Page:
Anyone can develop stress, and acute stress is good as it helps individuals to react to issues and therefore strike a balance. However chronic stress has a significant effect on the health of individuals. Getting enough sleep, mindfulness, engaging in physical activities, psychotherapy and cognitive behavior therapy are some of the techniques through which one can effectively manage stress/
Three stressors common to Teenagers
Everyone experiences stress in their life in one way or the other, but one population that is at an increased risk of developing stress is teenagers. As much as everyone is at risk of developing stress, teenagers are at an increased risk due to various factors and one common stressor among them is social issues. These social issues include relationships with peers, individuals they have romantic relationships with and even close relatives and parents and self-esteem issues. Teens place a very high value on their social lives and spend most of their waking hours with peers and finding and keeping such relationships can induce a lot of stress (Tyler & Schmitz, 2018).
Bullying by some peers can also induce stress on teens especially bullying due to issues that they have no control over such as coming from a family with low socioeconomic status. Trying to manage conflict that is healthy in romantic relationships is not also an easy task for developing teens. Teens also get stressed by relationships with their parents as the parents try to bring them up with values that the society expects, but the teens feel like their parents are interfering with their freedom. At this age, they are trying to form lasting relationships, and they are always at conflict with their parents (Mahfouz, 2018). Peer pressure is another social issue that teens face, and they can engage in behaviors against the norms to please their peers.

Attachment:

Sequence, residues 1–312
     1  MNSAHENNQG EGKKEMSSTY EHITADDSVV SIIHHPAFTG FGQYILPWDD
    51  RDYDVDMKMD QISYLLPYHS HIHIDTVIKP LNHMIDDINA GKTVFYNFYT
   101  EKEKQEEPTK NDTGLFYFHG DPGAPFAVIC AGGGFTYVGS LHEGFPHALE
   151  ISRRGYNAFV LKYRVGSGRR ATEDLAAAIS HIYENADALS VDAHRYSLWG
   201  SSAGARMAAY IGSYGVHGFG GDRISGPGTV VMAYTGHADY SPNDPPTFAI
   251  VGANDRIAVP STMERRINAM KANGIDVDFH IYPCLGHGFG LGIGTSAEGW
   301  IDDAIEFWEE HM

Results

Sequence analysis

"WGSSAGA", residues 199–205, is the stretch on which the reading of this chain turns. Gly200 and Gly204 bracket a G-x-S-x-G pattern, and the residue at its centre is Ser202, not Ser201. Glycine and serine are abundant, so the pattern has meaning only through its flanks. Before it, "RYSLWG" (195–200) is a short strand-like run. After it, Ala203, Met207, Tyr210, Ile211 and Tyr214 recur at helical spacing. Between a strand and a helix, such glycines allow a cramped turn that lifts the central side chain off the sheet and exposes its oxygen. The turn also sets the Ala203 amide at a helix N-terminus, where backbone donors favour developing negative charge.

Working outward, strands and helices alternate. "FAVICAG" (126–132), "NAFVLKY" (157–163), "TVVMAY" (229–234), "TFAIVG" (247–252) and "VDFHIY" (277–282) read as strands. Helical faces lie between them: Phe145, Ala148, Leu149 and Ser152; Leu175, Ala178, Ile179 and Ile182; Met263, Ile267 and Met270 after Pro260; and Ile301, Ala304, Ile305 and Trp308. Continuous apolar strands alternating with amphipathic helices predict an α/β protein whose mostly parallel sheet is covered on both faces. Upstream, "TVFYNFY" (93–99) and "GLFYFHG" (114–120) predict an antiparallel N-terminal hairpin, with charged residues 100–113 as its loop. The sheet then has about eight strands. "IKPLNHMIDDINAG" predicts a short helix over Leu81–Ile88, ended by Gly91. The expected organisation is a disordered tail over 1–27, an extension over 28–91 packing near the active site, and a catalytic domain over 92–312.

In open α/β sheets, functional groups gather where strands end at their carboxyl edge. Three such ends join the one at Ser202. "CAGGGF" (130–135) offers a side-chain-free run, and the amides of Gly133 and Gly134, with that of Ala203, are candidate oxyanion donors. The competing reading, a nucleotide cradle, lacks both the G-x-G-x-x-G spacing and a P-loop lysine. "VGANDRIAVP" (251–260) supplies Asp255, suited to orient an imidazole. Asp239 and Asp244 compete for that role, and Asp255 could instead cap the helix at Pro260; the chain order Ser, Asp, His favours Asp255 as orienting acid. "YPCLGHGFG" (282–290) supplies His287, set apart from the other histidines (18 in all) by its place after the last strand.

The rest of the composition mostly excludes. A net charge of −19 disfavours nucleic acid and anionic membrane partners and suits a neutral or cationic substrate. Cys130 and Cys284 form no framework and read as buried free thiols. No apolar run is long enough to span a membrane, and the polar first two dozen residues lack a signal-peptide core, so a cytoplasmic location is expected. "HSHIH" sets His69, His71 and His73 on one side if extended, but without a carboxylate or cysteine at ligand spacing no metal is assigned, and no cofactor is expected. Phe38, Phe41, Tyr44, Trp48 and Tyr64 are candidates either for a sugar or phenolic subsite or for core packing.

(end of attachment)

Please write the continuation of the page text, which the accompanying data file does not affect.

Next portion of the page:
Academics is another common stressor among teens since it is at this stage; they are usually trying to balance academics and their growth, development and social lives. Teens experience high levels of stress related to school, to include test scores, grades and applying to college. Many teens are worried about meeting academic objectives and demands, pleasing parents and teachers and keeping up with their classmates. Some of them even end up committing suicide when these demands are not met. When they manage their time poorly or feel overwhelmed by the amount of work at school can cause academic stress as well.